Federal Courts and Nominations

A “Pack” of Nonsense

On a picture perfect day earlier this week, President Obama nominated Patricia Millett, Nina Pillard, and Judge Robert Wilkins to fill the three vacancies on the D.C. Circuit Court of Appeals during a ceremony in the White House Rose Garden. This was an important moment for the Obama presidency when it comes to judges—the president delivered a powerful speech about the unprecedented obstruction that has stalled or outright blocked his nominees. After bending over backwards during his first term to appease Senate Republicans to get a modicum of cooperation that never materialized, President Obama made it clear he is fed up and ready to fight for his nominees.

Of course, the President isn’t the only one ready to fight. Conservative activists have been fighting tooth and nail over the future of the federal judiciary for decades. Their hilarious first response to President Obama’s nominations has been to claim that, by complying with his constitutional mandate to nominate people to fill authorized seats on the federal bench, the President is engaging in “court packing.” Even some conservatives have had a hard time understanding this assertion. As Byron York, a Fox News contributor and author of The Vast Left Wing Conspiracy dryly noted, “it doesn’t strike me as ‘packing’ to nominate candidates for available seats.” American Enterprise Institute scholar Norm Ornstein more colorfully said that the claim made him “laugh out loud.” Ornstein continued with “How could a move by a president simply to fill long-standing existing vacancies on federal courts be termed court packing?” Good question.

The more serious claim from the right is that President Obama is attempting to use these appointments to advance his policy agenda. This gets it exactly backwards. It is conservatives who have, successfully, used appointments to the D.C. Circuit to advance their policy agenda in recent years. By putting judges from the tea party fringe, such as Janice Rogers Brown, and conservative political operatives, such as Brett Kavanaugh, on this critical court, President George W. Bush helped produce a court that is, in the words of Pulitzer Prize winning columnist and George Mason Professor Steven Pearlstein, waging “judicial jihad against the regulatory state.” As Perlstein observed, “dysfunctional government has become the strategic goal of the radical fringe [on the political right]. … Nowhere has this strategy been pursued with more fervor, or more success, than the U.S. Court of Appeals for the District of Columbia Circuit, where a new breed of activist judges are waging a determined and largely successful war on federal regulatory agencies.”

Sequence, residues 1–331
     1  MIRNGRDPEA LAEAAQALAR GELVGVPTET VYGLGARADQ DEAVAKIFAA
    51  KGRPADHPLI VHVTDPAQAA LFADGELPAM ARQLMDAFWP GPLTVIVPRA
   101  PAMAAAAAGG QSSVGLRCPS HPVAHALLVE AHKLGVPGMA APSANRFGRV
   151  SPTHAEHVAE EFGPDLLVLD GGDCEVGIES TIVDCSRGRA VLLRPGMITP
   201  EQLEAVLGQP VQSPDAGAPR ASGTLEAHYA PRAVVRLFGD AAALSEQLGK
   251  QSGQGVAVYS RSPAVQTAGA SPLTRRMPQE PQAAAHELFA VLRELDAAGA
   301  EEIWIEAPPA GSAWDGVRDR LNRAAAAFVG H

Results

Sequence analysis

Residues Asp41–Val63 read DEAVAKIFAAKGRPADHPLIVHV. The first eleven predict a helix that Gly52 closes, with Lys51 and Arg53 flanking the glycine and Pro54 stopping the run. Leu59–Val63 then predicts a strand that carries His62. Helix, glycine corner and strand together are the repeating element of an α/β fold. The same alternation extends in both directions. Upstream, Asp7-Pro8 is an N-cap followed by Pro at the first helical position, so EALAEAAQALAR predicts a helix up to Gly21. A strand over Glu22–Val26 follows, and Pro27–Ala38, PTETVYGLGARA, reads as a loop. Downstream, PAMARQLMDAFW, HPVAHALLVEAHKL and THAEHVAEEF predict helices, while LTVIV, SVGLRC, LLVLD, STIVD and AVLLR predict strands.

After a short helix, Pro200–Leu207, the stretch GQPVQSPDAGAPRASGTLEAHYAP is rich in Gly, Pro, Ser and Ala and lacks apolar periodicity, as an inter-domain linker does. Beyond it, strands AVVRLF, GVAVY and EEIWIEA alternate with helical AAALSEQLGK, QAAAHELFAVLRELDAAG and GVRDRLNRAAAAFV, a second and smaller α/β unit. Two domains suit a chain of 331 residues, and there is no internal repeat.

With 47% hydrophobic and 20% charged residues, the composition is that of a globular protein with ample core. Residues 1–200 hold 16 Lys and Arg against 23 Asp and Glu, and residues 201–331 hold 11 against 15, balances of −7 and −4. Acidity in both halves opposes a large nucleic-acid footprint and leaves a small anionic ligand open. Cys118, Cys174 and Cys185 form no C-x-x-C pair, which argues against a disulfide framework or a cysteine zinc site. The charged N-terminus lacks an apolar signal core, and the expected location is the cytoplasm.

In this context, President Obama does not need judges who will advance a progressive agenda. He simply needs judges who will uphold validly enacted laws and reasonable regulations. This is reflected in his nominees. If President Obama were seeking ideological warriors for the D.C. Circuit, it is unlikely that he would have nominated two people who served long stints in the Office of the Solicitor General under George W. Bush, as is the case of his one confirmed nominee to the court, Sri Srinivasan, and one of his new nominees, Patricia Millett. All four of his nominees have been given the American Bar Association’s highest possible rating.

President Obama can nominate individuals based on qualifications rather than ideological fervor for a simple reason: the success of his agenda doesn’t require judges who will bend the law, it just needs judges who will follow it. 

This piece is cross-posted on Huffington Post.

This article has been reprinted in the following publications

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